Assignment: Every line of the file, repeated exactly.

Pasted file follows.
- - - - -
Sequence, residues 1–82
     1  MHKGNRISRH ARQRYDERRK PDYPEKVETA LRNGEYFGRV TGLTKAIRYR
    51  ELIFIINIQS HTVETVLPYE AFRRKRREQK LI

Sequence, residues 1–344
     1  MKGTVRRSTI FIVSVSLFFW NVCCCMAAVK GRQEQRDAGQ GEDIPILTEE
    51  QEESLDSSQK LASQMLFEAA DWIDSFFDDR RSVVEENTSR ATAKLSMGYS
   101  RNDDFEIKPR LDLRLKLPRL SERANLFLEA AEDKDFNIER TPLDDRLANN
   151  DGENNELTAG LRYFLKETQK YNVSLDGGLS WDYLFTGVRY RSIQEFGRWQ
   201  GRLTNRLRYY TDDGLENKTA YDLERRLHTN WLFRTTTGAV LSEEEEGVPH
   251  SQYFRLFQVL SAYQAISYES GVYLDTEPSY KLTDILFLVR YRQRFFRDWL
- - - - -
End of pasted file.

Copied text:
Sequence, residues 1–82
     1  MHKGNRISRH ARQRYDERRK PDYPEKVETA LRNGEYFGRV TGLTKAIRYR
    51  ELIFIINIQS HTVETVLPYE AFRRKRREQK LI

Sequence, residues 1–344
     1  MKGTVRRSTI FIVSVSLFFW NVCCCMAAVK GRQEQRDAGQ GEDIPILTEE
    51  QEESLDSSQK LASQMLFEAA DWIDSFFDDR RSVVEENTSR ATAKLSMGYS
   101  RNDDFEIKPR LDLRLKLPRL SERANLFLEA AEDKDFNIER TPLDDRLANN
   151  DGENNELTAG LRYFLKETQK YNVSLDGGLS WDYLFTGVRY RSIQEFGRWQ
   201  GRLTNRLRYY TDDGLENKTA YDLERRLHTN WLFRTTTGAV LSEEEEGVPH
   251  SQYFRLFQVL SAYQAISYES GVYLDTEPSY KLTDILFLVR YRQRFFRDWL